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MacLean Takes Stage Under Center : Granada Hills Quarterback Becomes Area's Leading Passer in 1st Year as Starter

October 21, 1994|KENNEDY COSGROVE | TIMES STAFF WRITER

GRANADA HILLS — Brian MacLean wore No. 50 in practice this week. A most ill-suited numeral for a quarterback--especially a football-slinging, pass-happy Granada Hills High quarterback--but OK for a tight end.

At tight end is where MacLean figured to spend his senior season, catching the odd pass and maybe mopping up as the backup quarterback.

But he lucked out because of an early retirement plan last summer. Incumbent quarterback Jim Landress, whom MacLean had backed up since the two friends were in ninth grade, quit football to concentrate on baseball.

Guess who finally got to shine?

MacLean, the goateed, unorthodox thrower with blue-collar footwork, is now in the spotlight.

He wears a very quarterback-like No. 14 in games, and he has more than lived up to that number by leading the area in passing.

"I'm still surprising myself, " he said with a bemused smile at practice this week.

Then he loped onto the field into a seven-on-seven passing drill and lofted a long, high toss down the sideline. His receiver was blanketed by a Highlander defensive back. No way would it be a completion. But MacLean's pass dropped perfectly into his receiver's arms, inches beyond the defender's fingertips.

"Damn!" the defender yelled. "How'd that get through?"

His wasn't the only head turned by MacLean's progress.

"I remember back in summer passing leagues we were having trouble getting him to throw a spiral," Granada Hills Coach Tom Harp said. "He may not have the greatest technique int he world, but we just let him use his natural ability. Now he's putting the ball on the money."

MacLean has passed for 1,330 yards and 14 touchdowns, both area bests, and he ranks sixth in the state in passing yardage. Tonight at 7, he leads Granada Hills (4-2, 3-0) at Taft (5-1, 3-0) in a first-place showdown in the Northwest Valley Conference.

Considering its 3-7 record last season, Granada Hills' success is a mild surprise. Ditto MacLean's breakthrough--though it is not totally unexpected. Last season, he filled in when Landress suffered a concussion, passing for 259 yards and a touchdown in a start against El Camino Real.

But there was never any doubt that Landress was the man. Luckily for MacLean, Landress is a promising professional baseball prospect who decided this summer to focus exclusively that sport.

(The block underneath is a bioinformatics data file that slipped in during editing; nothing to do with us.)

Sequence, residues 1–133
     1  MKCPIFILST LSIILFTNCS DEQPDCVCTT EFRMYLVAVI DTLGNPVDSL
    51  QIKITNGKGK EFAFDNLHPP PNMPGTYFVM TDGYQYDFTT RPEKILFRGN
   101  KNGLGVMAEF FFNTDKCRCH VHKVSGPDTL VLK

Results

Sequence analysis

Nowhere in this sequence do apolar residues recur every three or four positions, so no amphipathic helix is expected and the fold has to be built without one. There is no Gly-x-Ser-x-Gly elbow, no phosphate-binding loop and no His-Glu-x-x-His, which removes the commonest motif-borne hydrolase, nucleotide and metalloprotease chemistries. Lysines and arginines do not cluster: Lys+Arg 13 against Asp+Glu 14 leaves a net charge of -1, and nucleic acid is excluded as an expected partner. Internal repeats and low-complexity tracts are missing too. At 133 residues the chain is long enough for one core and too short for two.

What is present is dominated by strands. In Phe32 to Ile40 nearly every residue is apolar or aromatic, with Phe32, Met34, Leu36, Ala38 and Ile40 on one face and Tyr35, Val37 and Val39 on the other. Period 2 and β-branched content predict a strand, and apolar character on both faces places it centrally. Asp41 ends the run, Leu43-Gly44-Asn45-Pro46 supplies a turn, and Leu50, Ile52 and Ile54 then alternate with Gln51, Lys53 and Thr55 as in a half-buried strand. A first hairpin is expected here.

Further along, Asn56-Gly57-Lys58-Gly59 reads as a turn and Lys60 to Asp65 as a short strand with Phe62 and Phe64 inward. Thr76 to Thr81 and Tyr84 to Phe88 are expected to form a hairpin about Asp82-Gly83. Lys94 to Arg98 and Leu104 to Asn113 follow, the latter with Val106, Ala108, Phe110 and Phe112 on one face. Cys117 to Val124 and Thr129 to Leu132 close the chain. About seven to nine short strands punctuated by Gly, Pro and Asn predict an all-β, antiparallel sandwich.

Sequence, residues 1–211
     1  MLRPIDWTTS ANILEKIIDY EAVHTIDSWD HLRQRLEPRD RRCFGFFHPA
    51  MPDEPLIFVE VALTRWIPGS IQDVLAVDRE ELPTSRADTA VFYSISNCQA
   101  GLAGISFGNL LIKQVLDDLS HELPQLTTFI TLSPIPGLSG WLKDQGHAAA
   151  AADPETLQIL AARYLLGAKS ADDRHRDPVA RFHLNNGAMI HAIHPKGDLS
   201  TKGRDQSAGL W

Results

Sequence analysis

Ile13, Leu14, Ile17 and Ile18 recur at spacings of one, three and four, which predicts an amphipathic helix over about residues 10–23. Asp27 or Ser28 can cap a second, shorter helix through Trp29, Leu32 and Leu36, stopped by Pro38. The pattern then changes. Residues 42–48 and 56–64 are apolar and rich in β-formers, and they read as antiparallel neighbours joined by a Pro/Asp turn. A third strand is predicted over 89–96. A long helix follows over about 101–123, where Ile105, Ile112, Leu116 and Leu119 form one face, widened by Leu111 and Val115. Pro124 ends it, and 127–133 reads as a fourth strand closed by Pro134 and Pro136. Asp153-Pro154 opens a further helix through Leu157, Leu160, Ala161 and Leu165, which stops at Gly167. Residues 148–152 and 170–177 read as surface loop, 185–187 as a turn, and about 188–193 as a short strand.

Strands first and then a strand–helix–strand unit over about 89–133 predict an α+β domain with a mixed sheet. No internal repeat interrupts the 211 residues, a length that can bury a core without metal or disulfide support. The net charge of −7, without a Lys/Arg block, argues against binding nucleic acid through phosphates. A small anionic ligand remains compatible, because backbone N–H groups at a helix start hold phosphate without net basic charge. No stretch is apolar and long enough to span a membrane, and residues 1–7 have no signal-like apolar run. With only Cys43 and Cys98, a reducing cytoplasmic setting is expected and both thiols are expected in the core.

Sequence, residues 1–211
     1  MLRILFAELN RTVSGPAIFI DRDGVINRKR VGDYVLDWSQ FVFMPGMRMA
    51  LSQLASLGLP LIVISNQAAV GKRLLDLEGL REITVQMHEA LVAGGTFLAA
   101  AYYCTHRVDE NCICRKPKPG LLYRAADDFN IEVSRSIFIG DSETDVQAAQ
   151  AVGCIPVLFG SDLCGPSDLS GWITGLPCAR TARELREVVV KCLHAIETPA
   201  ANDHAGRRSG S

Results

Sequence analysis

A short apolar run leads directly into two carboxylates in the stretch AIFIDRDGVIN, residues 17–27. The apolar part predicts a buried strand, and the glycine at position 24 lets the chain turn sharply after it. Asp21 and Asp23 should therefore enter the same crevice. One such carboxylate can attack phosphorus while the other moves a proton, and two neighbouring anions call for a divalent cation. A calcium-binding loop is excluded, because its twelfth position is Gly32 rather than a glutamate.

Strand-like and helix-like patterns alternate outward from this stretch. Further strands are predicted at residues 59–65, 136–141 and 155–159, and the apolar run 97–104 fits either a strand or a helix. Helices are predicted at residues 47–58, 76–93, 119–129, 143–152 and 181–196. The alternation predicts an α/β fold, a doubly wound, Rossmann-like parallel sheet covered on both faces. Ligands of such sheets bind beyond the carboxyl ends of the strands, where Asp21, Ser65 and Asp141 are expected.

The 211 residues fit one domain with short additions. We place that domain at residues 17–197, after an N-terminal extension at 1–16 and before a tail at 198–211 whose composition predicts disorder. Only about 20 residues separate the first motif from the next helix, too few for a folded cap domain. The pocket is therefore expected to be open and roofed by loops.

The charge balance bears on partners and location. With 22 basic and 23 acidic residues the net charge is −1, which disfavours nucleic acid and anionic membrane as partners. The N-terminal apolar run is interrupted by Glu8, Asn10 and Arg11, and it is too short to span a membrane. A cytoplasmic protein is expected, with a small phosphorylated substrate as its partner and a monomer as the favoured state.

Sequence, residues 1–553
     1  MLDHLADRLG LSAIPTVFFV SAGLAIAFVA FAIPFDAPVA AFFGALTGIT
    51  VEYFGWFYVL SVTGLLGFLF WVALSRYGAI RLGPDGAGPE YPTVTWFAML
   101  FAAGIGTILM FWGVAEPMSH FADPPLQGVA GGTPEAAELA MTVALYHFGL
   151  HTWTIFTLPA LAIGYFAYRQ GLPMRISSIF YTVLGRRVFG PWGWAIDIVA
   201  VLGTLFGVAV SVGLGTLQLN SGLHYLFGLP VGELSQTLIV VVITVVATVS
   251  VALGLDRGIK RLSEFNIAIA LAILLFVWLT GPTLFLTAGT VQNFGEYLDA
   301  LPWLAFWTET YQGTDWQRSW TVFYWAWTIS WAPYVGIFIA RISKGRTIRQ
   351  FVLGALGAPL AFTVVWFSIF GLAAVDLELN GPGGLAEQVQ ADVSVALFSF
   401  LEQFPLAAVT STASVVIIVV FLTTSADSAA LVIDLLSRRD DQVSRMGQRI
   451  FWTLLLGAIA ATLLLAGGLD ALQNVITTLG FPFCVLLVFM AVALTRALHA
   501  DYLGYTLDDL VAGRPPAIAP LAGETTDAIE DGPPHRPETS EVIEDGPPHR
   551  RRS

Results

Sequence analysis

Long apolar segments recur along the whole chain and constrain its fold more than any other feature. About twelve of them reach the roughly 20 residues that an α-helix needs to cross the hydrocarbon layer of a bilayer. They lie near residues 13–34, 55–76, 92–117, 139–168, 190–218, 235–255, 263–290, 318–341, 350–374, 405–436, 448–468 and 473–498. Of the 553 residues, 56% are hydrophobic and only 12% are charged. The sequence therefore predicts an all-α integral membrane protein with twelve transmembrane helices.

Harp immediately named MacLean the starter. The former starter had a friendly word of advice. "I told him, 'This is your chance--have fun,' " Landress said.

The opportunity was a long time in coming. Landress and MacLean became friends when they attended Notre Dame as ninth graders. They shared rides to school but did not share time under center--MacLean was the second-stringer.

"I was nothing back then," he said. And there was no role reversal after they both transferred to Granada Hills before their sophomore years. MacLean remained the understudy.

Then suddenly, last summer.

"I was kind of happy (that Landress quit)," MacLean said. "I wanted to play quarterback."

His teammates and coaches believed he had potential--"We didn't go, 'Oh, no!' " wide receiver Jason Ascencio said. "We knew that Brian was going to come through"--and MacLean has justified that belief.

After starting slowly, Granada Hills has won its last three games, beginning with a 7-6 upset of Kennedy sparked by a MacLean touchdown pass. MacLean and his teammates eagerly await highly regarded Taft. "This is our Super Bowl," MacLean said.

Hyperbole, perhaps, but the game and the sport loom large in MacLean's life. He says his two loves are football and his lowered, white Chevy truck. He works at a gas station on weekends and pours the money--and his time--into his car. "My God," teammate Eric Carpenter groaned. "If that truck had emotions, I think he'd propose to it."

But Carpenter doesn't complain because MacLean gives him rides and throws him plenty of passes. Carpenter is second in the area with 40 receptions and leads the area with 607 receiving yards and seven touchdowns (tied with Westlake All-American Billy Miller).

MacLean's tosses also find Ascencio, who has 21 catches for 365 yards and four scores, and Afri Walker, with 17 catches and three touchdowns.

"Some parents call us the MAAC Attack," Carpenter said. "For MacLean, Ascencio, Afri and Carpenter."

To the winners go the nicknames.

But whither MacLean? He would like to play in college, but the market for 6-foot-1, 180-pound college quarterbacks is not large.

"I've got some growing to do," he said grinning, adding that he has not been contacted by any college recruiters.

But for now, he is content. After all, a year ago, he was a reserve tight end. Today he is the area's leading passer.

"I never suspected anything like this."

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